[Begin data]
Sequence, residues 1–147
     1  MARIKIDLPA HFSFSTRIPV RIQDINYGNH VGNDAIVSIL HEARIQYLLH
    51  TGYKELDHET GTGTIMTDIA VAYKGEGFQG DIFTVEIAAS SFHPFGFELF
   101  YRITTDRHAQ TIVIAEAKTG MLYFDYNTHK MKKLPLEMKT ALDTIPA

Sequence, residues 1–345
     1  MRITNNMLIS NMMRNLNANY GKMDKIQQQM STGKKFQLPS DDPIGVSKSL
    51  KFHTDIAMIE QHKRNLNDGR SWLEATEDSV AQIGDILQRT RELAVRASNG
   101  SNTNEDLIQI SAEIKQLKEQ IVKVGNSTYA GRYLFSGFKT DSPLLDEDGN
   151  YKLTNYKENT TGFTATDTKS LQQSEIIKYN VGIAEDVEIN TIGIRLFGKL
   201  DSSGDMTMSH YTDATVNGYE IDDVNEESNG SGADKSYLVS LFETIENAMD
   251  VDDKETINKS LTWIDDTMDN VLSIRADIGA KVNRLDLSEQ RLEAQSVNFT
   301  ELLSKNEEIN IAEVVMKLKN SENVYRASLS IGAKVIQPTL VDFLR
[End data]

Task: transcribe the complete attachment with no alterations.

Sequence, residues 1–147
     1  MARIKIDLPA HFSFSTRIPV RIQDINYGNH VGNDAIVSIL HEARIQYLLH
    51  TGYKELDHET GTGTIMTDIA VAYKGEGFQG DIFTVEIAAS SFHPFGFELF
   101  YRITTDRHAQ TIVIAEAKTG MLYFDYNTHK MKKLPLEMKT ALDTIPA

Sequence, residues 1–345
     1  MRITNNMLIS NMMRNLNANY GKMDKIQQQM STGKKFQLPS DDPIGVSKSL
    51  KFHTDIAMIE QHKRNLNDGR SWLEATEDSV AQIGDILQRT RELAVRASNG
   101  SNTNEDLIQI SAEIKQLKEQ IVKVGNSTYA GRYLFSGFKT DSPLLDEDGN
   151  YKLTNYKENT TGFTATDTKS LQQSEIIKYN VGIAEDVEIN TIGIRLFGKL
   201  DSSGDMTMSH YTDATVNGYE IDDVNEESNG SGADKSYLVS LFETIENAMD
   251  VDDKETINKS LTWIDDTMDN VLSIRADIGA KVNRLDLSEQ RLEAQSVNFT
   301  ELLSKNEEIN IAEVVMKLKN SENVYRASLS IGAKVIQPTL VDFLR